Archer (Tom) Endrich

~Musical Outlook ~

Inspired by different cultures

My approach to music composition is inspired by the music of all periods and cultures, while forming a distinctly personal contemporary style. Melodic design – linear patterning – very often the key which unlocks the dynamic of a musical process, is my main source of inspiration. Gregorian, early Renaissance and Arabic music are particularly influential.

Deep Structure

Musical 'deep structure' intrigues me: that is, how the relative roles of melody, harmony, rhythm and sound in relationship to one another inform different musical styles and forms. Complementary to these relationships is how the music flows through time, often forming many shorter formal processes with a larger form – leading me to compile a musical pattern language of 'micro-time-forms'. Observing and appreciating these myriad musical processes informs my musical thinking, leading to realisations in a variety of harmonic design contexts. Stylistically, I tend to favour a richly chromatic harmonic idiom laced with aspects of 'sound composition'.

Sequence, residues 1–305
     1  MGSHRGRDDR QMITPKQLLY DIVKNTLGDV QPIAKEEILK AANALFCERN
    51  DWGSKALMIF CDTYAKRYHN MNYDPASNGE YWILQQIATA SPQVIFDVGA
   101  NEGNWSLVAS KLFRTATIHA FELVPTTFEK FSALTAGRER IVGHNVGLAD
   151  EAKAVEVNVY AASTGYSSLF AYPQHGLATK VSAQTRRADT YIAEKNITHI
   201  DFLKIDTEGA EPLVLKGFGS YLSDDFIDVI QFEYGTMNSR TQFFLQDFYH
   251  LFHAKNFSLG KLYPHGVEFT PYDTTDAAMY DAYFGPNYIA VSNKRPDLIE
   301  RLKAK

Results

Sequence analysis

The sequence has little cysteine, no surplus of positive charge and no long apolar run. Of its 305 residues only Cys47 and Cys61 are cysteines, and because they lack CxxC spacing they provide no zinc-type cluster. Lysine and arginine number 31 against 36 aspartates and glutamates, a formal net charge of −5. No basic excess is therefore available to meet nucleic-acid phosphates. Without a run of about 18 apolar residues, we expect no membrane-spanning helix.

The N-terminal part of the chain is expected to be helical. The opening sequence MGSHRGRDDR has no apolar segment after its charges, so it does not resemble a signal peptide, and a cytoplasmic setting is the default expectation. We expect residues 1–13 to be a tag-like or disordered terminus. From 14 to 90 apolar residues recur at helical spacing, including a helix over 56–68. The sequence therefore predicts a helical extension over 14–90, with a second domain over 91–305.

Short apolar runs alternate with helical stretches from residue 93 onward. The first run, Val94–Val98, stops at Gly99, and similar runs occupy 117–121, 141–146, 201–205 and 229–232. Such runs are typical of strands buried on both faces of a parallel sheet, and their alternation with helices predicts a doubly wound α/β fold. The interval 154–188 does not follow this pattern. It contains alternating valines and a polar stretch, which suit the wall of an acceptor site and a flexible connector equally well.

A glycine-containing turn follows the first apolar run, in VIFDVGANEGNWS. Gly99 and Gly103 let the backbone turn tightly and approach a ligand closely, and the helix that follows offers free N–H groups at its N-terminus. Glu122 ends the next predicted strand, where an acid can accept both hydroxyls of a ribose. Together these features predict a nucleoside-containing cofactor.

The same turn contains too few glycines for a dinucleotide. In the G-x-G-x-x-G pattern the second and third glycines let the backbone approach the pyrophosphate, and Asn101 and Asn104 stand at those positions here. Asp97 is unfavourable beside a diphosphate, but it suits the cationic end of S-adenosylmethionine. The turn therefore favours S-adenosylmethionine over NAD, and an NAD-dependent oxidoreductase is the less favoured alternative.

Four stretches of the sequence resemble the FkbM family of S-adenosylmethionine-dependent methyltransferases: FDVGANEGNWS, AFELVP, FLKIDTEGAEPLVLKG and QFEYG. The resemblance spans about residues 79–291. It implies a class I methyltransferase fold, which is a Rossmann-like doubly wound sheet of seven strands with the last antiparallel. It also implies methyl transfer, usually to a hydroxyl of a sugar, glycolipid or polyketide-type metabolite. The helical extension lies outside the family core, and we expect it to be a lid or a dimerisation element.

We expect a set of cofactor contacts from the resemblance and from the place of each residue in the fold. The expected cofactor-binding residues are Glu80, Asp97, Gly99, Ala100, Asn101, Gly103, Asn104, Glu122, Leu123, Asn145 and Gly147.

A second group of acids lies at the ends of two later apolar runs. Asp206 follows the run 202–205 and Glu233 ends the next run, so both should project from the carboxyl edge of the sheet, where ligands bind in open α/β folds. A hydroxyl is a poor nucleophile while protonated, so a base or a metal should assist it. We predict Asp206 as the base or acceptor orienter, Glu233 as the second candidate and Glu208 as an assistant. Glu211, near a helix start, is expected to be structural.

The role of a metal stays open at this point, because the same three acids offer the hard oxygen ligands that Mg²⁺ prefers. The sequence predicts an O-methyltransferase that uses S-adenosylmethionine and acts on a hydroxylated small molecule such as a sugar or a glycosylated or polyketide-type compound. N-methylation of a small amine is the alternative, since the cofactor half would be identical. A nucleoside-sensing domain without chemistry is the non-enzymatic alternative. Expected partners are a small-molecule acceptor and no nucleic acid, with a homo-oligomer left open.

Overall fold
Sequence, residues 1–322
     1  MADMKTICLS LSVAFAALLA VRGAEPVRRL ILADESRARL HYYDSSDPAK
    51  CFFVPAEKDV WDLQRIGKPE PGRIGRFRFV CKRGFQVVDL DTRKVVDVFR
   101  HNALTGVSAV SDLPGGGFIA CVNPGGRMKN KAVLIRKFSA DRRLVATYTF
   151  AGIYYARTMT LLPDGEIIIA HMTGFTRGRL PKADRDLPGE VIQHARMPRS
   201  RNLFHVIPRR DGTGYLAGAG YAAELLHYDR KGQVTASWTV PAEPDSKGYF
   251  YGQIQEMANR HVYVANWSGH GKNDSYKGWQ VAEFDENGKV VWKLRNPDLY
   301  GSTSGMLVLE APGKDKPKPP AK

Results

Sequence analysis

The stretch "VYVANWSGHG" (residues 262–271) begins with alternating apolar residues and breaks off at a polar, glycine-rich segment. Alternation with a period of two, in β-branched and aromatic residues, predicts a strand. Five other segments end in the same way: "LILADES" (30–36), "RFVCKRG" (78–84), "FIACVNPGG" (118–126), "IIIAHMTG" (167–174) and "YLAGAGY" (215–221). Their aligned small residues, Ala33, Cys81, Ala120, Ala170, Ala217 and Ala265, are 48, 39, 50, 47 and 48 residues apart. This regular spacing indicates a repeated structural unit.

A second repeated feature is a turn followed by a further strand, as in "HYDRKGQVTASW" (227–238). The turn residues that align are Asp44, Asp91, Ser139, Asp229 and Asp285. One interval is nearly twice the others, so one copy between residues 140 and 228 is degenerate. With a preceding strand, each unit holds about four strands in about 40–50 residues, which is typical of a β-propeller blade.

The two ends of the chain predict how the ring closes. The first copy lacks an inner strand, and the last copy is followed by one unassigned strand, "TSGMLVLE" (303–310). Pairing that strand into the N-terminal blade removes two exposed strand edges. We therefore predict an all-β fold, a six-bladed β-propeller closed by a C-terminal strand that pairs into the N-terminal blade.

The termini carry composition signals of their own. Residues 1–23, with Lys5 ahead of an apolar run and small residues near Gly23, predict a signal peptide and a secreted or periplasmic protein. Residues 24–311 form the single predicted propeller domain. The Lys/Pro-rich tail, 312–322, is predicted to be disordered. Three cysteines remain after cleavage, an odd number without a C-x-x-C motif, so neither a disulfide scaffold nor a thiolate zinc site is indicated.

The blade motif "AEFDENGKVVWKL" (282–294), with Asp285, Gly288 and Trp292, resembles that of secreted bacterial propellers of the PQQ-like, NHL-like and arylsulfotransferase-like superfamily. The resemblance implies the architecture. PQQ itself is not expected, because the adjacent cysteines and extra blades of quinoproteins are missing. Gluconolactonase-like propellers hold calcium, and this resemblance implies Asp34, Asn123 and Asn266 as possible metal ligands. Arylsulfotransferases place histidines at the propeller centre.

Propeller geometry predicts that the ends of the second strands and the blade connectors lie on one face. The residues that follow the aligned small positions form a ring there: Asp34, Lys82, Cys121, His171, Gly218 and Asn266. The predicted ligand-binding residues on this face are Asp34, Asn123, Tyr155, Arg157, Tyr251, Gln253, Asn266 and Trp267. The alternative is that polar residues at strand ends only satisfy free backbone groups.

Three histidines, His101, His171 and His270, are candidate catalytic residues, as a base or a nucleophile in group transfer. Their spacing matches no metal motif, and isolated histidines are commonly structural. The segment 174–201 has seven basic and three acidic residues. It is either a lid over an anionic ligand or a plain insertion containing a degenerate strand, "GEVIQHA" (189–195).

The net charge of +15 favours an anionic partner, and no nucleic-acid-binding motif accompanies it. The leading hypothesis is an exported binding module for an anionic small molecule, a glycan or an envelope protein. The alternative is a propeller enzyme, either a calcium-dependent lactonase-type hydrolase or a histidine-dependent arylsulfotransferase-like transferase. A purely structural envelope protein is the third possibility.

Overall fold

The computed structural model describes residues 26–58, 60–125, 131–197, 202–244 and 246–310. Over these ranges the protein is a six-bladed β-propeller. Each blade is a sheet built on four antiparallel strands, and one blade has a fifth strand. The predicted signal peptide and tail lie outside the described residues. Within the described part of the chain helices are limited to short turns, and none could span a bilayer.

The use of sound – in recent years greatly enhanced by new computer tools for sound design – has always pervaded my outlook. The effective and musical integration of pitched and sonic components is a major objective: expanding musical discourse while retaining the ability to use a wide variety of musical components.


The use of text, often handled phonetically, and the musicalisation of theatrical elements adds another dimension to my varied and unpredictable output. Moving between singing and vocalising informs several pieces. Along with specifically 'music theatre' pieces, theatrical elements enter into a number of other compositions.


To summarise, my primary concerns as a composer focus are:

  • an intense interest in pattern and relationship in music, as seen in the title of a book-in-progress: Building Musical Relationships

  • exploration of the new timbral sound world opened up via tape recorders and computers

  • integration of new sonic materials into the whole fabric of musical discourse, i.e., with historical aspects of musical design

  • an interest in music theatre in which the musical form is thoroughly integrated with other arts media

Last updated: 11 March 2017